Why Retail is Dying a Slow and Painful Death

harlanwestblogphotoBy Harlan West, Design and Marketing Professional with more than 25 years of experience designing materials for major healthcare organizations, municipalities and large corporations.

Let’s talk shop!

Creating successful corporate communications for the retail market is very interrelated to the audience and trends in the industry.  That is why today I am tackling the issue of how retail stores are dying away, largely the fault of retail itself, rather than the Internet.  True, the Internet is somewhat to blame.  Yet the Internet is not the primary cause of this slow death, but a beneficiary of the failures of retail establishments and corporate mergers. Yes, retail is slowly dying away and it is the consumer who will suffer the most loss.  Given the current retail trends and consolidation in the industry, I have to say, it is not unexpected.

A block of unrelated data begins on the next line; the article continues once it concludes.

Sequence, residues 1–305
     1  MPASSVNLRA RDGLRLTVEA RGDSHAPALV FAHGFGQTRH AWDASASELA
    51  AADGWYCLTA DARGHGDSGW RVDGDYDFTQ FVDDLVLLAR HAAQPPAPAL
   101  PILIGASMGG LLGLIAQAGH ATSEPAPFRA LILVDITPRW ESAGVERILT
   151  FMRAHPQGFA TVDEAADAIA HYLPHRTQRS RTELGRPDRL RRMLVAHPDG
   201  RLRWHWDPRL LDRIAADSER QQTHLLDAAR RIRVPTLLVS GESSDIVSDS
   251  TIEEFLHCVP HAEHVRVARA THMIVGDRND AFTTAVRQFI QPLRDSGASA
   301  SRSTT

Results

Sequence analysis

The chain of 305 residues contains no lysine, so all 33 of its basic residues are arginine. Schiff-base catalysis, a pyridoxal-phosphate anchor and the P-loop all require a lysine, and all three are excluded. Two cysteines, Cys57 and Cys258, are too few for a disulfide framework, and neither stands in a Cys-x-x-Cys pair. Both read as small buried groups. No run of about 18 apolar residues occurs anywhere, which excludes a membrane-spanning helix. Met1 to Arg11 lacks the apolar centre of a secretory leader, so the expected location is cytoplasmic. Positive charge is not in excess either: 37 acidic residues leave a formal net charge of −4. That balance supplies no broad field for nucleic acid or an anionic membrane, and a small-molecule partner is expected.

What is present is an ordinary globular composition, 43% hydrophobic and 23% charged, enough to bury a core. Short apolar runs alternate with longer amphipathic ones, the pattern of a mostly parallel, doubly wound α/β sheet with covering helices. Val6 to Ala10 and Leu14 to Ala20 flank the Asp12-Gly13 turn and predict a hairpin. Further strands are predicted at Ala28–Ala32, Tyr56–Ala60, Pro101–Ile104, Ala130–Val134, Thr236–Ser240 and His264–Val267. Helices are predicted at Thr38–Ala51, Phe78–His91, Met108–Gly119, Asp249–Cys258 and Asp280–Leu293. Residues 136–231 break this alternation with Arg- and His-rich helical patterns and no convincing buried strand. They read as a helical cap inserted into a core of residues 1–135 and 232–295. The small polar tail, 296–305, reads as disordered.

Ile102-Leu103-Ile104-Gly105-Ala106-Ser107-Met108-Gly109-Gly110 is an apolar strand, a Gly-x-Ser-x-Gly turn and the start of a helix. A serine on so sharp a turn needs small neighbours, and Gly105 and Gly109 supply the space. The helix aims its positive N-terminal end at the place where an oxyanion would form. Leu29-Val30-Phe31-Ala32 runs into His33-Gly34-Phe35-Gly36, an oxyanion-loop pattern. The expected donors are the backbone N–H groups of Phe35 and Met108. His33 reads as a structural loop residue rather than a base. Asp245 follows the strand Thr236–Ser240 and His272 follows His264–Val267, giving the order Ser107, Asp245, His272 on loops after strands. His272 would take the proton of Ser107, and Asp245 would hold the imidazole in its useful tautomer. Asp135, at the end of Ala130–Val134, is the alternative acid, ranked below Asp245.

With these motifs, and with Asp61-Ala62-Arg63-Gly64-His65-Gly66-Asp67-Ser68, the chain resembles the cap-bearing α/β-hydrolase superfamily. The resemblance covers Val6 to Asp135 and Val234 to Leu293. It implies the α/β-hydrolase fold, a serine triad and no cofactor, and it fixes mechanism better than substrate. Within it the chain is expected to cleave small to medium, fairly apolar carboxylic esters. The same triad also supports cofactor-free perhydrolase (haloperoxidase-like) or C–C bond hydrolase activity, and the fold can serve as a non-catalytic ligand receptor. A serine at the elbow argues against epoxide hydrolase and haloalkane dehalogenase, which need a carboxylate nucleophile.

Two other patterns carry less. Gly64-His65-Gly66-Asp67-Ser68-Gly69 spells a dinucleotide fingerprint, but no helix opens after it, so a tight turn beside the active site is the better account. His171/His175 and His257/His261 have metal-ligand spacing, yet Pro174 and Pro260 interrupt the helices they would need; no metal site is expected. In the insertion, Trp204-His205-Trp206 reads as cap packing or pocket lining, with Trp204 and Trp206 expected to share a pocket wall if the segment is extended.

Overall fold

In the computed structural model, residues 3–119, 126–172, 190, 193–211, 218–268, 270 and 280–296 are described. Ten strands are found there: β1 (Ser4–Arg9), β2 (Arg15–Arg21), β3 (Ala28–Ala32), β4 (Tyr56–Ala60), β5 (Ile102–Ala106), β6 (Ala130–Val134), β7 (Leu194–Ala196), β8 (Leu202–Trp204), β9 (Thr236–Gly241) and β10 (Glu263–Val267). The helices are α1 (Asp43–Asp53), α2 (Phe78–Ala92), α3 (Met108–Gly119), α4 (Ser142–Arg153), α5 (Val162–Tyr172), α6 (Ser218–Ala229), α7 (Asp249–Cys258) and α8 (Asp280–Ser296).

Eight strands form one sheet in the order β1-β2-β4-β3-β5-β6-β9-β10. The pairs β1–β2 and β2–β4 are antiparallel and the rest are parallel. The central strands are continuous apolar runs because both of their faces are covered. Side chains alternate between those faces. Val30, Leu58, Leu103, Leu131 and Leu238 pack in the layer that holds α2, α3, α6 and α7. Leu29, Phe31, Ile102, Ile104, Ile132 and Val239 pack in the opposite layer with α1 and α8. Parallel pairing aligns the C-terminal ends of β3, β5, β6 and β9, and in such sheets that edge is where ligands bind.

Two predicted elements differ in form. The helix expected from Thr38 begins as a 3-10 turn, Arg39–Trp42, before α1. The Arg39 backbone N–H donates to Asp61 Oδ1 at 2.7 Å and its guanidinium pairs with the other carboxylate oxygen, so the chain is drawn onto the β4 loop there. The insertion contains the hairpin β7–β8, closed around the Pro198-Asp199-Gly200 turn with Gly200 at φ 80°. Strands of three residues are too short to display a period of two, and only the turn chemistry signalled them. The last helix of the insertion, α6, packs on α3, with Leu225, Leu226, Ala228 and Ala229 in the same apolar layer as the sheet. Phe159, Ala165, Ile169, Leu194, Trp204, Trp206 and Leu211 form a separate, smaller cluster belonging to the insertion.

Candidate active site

reatilstores-with-jeansI hear a lot today about how the Internet and larger online retailers are “killing” the sales of local retail merchants. Many articles have been written about “showrooming” where a prospective customer uses the local store to “check-out” an item and then buys it online for a lower price.  But I actually say to you that it is not a matter of just price.  I feel it is even more than ever, a product of seven often overlooked factors: